SPRINGFIELD, Ill. (AP) - Lawmakers are working to change a small mistake in Illinois' new pet "lemon" law.
Democratic state Sen. Dan Kotowski, the legislation's sponsor, told a Senate committee that there was an error in the legislation that was passed by both houses last spring.
The amendment to the law allows owners to return a pet or be reimbursed for veterinary costs if it is discovered an illness was not disclosed by the seller. The original legislation said pet stores would have to pay owners up to twice the cost of the pet to offset treatment costs. Kotowski told a Senate committee that number should be changed to require reimbursement to match the cost of the pet.
The measure passed the Senate and now heads to the House.
DANVERS, Mass. (AP) - A 14-year-old Massachusetts high school student charged with killing a teacher has been ordered held without bail.
Philip Chism was ordered held Wednesday at his arraignment in adult court on a murder charge in Salem.
His defense attorney, Denise Regan, argued for the proceedings to be closed and her client to be allowed to stay hidden because of his age. The judge denied the request. Regan declined to comment outside court.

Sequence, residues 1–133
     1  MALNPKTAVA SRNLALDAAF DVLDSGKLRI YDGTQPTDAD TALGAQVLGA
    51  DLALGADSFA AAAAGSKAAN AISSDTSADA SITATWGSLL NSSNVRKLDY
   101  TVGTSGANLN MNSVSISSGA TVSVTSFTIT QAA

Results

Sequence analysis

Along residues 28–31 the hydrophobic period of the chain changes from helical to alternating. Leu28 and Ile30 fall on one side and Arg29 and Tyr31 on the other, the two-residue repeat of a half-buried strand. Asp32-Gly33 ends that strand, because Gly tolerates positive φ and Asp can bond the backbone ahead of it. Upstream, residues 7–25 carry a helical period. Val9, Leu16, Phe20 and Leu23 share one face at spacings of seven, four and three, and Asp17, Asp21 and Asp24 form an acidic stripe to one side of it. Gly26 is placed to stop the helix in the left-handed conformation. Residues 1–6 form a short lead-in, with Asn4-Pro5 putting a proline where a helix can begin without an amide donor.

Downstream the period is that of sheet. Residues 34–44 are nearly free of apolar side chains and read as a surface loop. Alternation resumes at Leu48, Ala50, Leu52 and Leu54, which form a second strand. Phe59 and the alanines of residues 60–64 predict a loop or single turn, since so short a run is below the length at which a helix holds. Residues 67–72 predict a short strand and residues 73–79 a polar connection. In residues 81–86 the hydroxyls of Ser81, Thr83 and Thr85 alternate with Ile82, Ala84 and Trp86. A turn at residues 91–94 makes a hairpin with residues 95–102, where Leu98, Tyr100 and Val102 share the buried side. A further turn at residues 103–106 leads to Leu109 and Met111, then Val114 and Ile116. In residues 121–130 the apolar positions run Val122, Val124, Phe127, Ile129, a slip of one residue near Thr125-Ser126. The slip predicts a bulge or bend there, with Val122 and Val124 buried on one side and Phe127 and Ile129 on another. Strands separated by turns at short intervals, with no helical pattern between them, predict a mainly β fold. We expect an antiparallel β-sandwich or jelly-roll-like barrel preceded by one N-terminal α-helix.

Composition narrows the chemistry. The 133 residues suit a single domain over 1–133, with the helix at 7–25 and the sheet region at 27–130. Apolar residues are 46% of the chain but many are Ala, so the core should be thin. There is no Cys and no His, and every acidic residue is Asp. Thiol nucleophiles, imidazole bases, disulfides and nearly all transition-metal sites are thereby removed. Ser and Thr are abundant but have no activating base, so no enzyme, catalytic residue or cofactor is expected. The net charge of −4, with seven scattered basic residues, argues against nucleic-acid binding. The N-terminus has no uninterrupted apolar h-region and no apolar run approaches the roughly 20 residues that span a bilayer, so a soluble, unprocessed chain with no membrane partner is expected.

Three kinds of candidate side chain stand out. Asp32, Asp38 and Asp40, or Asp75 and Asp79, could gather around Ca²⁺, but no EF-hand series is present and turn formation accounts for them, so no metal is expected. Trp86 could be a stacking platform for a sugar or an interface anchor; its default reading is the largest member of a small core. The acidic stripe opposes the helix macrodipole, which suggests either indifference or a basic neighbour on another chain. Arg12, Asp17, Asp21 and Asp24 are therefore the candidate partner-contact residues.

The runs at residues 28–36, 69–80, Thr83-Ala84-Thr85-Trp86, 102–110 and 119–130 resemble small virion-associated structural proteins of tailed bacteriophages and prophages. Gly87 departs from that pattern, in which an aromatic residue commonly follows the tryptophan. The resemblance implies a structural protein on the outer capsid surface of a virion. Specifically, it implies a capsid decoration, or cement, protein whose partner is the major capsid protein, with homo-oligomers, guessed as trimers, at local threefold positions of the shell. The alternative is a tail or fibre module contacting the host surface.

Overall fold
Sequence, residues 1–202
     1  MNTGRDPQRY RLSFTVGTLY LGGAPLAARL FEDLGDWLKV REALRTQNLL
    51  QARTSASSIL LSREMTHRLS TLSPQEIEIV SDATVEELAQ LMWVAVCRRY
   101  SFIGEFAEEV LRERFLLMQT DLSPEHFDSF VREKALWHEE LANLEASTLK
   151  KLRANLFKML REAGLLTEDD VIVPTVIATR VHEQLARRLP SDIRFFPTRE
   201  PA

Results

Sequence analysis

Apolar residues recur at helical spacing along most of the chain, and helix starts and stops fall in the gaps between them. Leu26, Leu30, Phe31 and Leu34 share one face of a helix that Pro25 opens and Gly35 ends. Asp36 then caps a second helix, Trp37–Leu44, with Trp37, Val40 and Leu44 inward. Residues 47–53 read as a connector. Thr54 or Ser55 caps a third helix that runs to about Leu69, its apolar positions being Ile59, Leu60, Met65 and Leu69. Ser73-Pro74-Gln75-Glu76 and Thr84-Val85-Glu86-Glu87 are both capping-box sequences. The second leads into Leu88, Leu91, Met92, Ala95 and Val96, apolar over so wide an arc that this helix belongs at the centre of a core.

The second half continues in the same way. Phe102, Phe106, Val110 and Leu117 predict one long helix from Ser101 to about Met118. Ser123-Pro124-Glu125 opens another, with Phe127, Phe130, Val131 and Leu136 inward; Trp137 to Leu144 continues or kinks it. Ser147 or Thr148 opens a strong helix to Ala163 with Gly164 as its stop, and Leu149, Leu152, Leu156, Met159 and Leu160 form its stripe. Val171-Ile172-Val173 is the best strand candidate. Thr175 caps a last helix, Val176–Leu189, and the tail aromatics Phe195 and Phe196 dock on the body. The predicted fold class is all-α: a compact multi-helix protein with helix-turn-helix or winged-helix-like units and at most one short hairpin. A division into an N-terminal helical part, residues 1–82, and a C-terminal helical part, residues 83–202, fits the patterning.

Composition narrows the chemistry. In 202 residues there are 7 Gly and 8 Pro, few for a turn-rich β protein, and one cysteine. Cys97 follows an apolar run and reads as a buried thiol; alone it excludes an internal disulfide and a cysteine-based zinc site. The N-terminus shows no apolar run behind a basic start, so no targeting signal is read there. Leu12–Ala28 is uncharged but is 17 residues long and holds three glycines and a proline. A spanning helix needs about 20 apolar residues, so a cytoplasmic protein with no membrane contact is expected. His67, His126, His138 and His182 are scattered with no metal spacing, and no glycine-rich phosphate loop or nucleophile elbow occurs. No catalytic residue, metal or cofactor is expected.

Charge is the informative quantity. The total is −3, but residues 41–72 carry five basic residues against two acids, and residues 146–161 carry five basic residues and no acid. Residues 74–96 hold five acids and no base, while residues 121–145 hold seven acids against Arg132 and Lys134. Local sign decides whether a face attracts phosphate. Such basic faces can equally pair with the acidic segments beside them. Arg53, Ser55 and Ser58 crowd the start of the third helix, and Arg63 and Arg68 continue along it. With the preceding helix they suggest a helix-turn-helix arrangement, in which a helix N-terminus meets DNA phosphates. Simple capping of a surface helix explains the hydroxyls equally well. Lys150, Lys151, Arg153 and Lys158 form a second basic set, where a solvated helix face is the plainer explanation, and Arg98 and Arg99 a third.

Officials haven't released a cause of death, but prosecutors say the teen beat well-liked Danvers High School math teacher Colleen Ritzer. Her body was found in the woods behind the school early Wednesday.
The boy also was reported missing Tuesday. He was spotted walking along a road early Wednesday.
He is due back in court Nov. 22.
COLUMBUS, Ohio (AP) - A man who confessed in an online video to killing a man in a drunken driving crash has been sentenced to six and a-half years in prison.
The sentence came at a hearing today in Columbus, Ohio, where Matthew Cordle apologized to the family of his victim, Vincent Canzani. Cordle said, "It should have been me that night, the guilty party, instead of an innocent man."
Canzani's daughter asked the judge to sentence Cordle to the maximum -- eight and a-half years -- saying, "My father got a death sentence and did nothing wrong." But the judge also read a letter from Canzani's ex-wife who said she believed he would not have wanted a maximum sentence. She said she thinks Cordle will keep his promise never to drink and drive again.
In the three and a-half-minute video posted in early September, Cordle admitted he killed a man and said he "made a mistake" when he decided to drive that night. At the hearing last month where he pleaded guilty, he told the judge that he drank so much, he was "blacked out" -- and that he had no recollection of the crash.